“I love how they’re so abstract and textural,” she says. “I came across an artist called Nicolai Howalt who does a really interesting series of car crashes – the textures that come from that really evoke an emotion in you. And then John Chamberlain, who also does these mad car sculptures, which I love.”
Hakin places much emphasis on the body, using it as a starting point as opposed to drawing sketches because “I’m so bad at it, honestly.” She uses the design process to find new means of accentuating the body, whether it’s cinching the waist or contouring limbs by way of printed close-ups of car parts or jersey twisted around arms and legs.
“I like to place prints in a specific place that is going to flatter the body and accentuate it, rather than cover it,” she says. “I feel like that’s how my designs become quite body forming, because I work with draping and turning the drapes into patterns. Everything starts with the body and ends with the body, not from a piece of paper.”
Recently, Hakin reached out to Julia Fox to shoot her in her latest collection and found herself in Paris with the pop culture phenomenon. “I think she’s amazing! She was really up for it,” Hakin says. “It bothers me when people think she’s a different person to what is presented. She’s super intelligent and is using the media in a really interesting way. When people are contrived, it comes across.”
Looking into the future, Hakin’s well up for carrying on the way she’s going – independently – and hopes other designers can do that, too. You can very easily fall down a rabbit hole with people that don’t really represent your values and things like that,” she says. “My work is an extension of myself, so I try to manage that. I like controlling it myself and doing things on my own terms.”
Below, we go Off the Rails with Tara Hakin, who invites some famous guests over for dinner, plays a bit of Aphex Twin and sinks a pint of Guinness.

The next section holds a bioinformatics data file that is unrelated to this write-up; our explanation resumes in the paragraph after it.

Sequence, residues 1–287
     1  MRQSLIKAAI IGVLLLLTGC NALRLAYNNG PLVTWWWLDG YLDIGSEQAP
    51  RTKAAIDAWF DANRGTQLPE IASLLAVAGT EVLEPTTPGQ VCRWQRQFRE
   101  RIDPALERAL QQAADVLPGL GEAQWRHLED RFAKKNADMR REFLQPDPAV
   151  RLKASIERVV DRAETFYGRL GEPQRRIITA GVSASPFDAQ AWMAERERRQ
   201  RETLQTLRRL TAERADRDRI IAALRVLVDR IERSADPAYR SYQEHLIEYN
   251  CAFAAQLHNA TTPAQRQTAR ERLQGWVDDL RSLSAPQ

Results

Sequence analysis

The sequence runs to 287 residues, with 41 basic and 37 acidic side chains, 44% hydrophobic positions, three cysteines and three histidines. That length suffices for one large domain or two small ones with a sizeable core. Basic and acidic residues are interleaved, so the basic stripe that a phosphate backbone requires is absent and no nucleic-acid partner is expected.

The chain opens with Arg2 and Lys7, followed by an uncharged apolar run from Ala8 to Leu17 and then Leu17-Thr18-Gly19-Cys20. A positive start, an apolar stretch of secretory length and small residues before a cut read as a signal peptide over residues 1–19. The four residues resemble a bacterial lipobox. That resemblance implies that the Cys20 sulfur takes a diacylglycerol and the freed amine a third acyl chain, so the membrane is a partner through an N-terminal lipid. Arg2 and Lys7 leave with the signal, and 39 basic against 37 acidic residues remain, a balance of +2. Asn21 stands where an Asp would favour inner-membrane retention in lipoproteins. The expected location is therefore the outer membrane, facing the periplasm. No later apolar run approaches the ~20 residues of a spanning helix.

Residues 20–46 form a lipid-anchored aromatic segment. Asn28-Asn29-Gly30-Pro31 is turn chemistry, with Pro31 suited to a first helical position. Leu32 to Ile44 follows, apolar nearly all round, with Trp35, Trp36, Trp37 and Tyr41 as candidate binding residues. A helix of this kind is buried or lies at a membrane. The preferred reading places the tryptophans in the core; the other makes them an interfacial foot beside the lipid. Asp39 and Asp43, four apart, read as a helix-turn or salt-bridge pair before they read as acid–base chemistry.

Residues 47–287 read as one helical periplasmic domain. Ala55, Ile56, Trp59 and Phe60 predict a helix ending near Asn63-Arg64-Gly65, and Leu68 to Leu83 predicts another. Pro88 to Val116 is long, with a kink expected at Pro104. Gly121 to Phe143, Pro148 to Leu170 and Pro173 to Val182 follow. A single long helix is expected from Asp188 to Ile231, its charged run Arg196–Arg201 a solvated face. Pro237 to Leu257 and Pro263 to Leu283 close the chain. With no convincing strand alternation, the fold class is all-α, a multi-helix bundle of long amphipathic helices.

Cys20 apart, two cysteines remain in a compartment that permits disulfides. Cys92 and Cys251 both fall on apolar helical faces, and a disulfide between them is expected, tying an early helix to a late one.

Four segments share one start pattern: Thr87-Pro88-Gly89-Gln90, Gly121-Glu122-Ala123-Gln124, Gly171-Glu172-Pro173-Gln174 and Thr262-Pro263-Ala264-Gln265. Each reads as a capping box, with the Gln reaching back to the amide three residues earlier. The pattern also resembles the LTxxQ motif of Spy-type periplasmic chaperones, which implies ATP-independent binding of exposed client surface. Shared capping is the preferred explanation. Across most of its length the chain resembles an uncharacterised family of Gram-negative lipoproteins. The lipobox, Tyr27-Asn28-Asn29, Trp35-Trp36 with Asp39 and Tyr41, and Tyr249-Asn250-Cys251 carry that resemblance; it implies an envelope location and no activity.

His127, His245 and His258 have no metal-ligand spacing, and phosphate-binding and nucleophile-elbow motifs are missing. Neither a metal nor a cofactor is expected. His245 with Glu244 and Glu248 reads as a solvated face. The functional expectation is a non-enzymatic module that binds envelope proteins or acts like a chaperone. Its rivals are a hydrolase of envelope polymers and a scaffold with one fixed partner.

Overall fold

OFF THE RAILS
What’s your daily motto?
Don’t ask, don’t get.
What do you love and what do you hate?
I’m really enjoying life right now and having some new experiences away from London. I feel like I really needed to get away from London for a bit. I don’t really hate anything right now, to be honest! Although I did get bitten by a stingray yesterday…
What do you reckon you’d be doing if you weren’t a designer?
I’m obsessed with anything spy-related. I don’t know why, but I really am. So maybe a spy.
Who would you most want and least want to wear your clothes?
Least want: anyone that doesn’t inspire me or interest me on a personal level. Most want: I mean, if Rihanna or Lady Gaga wore my clothes that would probably be game over. Anyone who I love listening to, really. Kelly Lee Owens wore my stuff and I nearly died – and she invited me to her gig. I love when someone I listen to daily wears my things. That feels very surreal. It doesn’t really matter how big they are.
What gets you out of bed in the morning?
I’m the worst morning person, but quite aggressive music usually does the job. I work better during the night, to be honest, so I’ll usually stay late and work in the studio ’til the early hours.
What is on your playlist in the studio?
Madonna’s Ray of Light album, Kelly Lee Owens, Massive Attack, Aleweya, Djrum for some funk vibes – it depends what mood I’m in on the day. Aphex Twin is my favourite in the mornings.
What’s the best city or club or place on earth to let your hair down?
I’m an Irish pub kind of gal, so anywhere that doesn’t serve a shit pint of Guinness is my go-to!
Who would you invite over for dinner?
Vivienne Westwood, Julia Fox, Kim Kardashian and Edward Snowden.